The row over the Conservative-supporting journalist Toby Young’s appointment to the universities watchdog has been intense. Despite the relative obscurity of this public position, the left wing Twitterati have been besides themselves with rage. The affair has culminated in his resignation, over some tweets he posted. They are certainly a bit near the knuckle, to say the least.
Yet a great deal of Twitter consists of verbal abuse of one kind or another. Perhaps sensitive souls should steer clear of this medium of communication.
There was an altogether more sinister and fundamental aspect to the attacks on Young. He was deemed by many academics to lack suitable qualifications for the post. He did not have sufficient “expertise”.
Danny Blanchflower, a Gordon Brown appointment to the Monetary Policy Committee, called him “totally unqualified” and suggested that universities should boycott the Office for Students until Young is fired. It would be a diversion to recall Blanchflower’s own prediction that unemployment under George Osborne could rise to 4 or even 5 million. Forecasting errors of this magnitude seem an essential qualification to be on the MPC.
Young was educated at both Oxford and Harvard and taught at Cambridge. He is a founder of the successful New Schools Network. So it may not be readily apparent to the non-expert why he lacked the skills to serve on a body which regulates universities.
Perhaps a clue lies in the abuse of Patrick Minford in the latest issue of the newsletter of the Royal Economic Society (RES). Minford, a distinguished academic economist, is a strong supporter of Brexit.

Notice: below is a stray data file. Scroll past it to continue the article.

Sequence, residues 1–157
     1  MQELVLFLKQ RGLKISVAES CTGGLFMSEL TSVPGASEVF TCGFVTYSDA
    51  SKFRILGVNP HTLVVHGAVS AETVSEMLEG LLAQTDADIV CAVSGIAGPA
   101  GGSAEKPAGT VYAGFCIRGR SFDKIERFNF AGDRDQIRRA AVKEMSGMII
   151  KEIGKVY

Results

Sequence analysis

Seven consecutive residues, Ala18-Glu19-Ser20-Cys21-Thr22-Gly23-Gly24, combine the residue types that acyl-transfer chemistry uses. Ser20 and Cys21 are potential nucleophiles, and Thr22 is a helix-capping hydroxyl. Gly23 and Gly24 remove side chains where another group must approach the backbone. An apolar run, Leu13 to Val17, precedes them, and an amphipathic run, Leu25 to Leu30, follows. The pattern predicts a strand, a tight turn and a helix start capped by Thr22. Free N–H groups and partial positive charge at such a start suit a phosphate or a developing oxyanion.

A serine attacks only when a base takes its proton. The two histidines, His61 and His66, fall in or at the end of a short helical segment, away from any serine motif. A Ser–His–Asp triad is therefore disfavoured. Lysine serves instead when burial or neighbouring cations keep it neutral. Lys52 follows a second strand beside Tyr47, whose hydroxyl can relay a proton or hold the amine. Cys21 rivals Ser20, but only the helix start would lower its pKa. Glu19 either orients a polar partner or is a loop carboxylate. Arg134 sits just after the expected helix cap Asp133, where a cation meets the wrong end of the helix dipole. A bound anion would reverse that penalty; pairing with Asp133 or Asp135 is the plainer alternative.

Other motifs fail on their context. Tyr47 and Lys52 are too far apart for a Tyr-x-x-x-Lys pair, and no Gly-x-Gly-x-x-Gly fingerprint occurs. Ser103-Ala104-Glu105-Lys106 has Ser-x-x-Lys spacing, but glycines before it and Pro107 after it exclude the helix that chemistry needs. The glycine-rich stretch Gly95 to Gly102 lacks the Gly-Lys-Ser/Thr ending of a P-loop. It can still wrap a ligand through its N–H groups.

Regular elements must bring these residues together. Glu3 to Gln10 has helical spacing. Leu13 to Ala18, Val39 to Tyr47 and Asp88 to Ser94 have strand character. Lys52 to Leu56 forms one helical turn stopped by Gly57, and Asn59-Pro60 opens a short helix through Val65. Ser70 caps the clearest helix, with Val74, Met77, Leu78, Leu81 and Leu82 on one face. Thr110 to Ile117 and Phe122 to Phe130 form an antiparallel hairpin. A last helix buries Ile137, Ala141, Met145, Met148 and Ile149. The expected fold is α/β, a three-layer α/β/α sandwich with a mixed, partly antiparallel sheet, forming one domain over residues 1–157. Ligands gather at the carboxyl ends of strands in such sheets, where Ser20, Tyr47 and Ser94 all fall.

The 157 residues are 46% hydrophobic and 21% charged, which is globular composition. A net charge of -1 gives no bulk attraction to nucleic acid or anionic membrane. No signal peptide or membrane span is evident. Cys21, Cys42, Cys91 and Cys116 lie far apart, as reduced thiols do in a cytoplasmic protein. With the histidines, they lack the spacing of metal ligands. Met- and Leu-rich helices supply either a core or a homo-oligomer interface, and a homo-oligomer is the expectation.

The BBC is attacked in the newsletter for giving publicity to a report by Minford published by the group Economists for Free Trade. An Oxford professor is cited with approval for saying that Minford is not an expert in international trade. His views on the topic are those of a “maverick”.
Very few economists specialise in international trade. I have to confess here that I was one of the few to take the then available option on international trade theory in my final year at Cambridge. But I did so on the grounds that it seemed pretty straightforward and easy.
But a lack of this esoteric expertise has not prevented the “overwhelming majority of the economics profession”, according to the RES newsletter, from disapproving wholeheartedly of Brexit.
Underlying the great turmoil of politics at the moment is precisely the view that the “experts” are less trustworthy and objective than they purport to be. The suspicion is that they attempt to appear knowledgeable to impose the policies they prefer all along.
If we have a question on quantum physics, we might reasonably rely on an answer from Stephen Hawking. More prosaically, we can rely on an engineer to build us a bridge.
But many economic and social issues, such as Brexit or regulating universities, are far more complex. They do not admit answers which are scientifically proven in the same way.
What we are seeing is a concerted attempt by the metropolitan liberal elite to impose a bogus consensus on us. One which, dressed up as “expertise”, excludes any other views.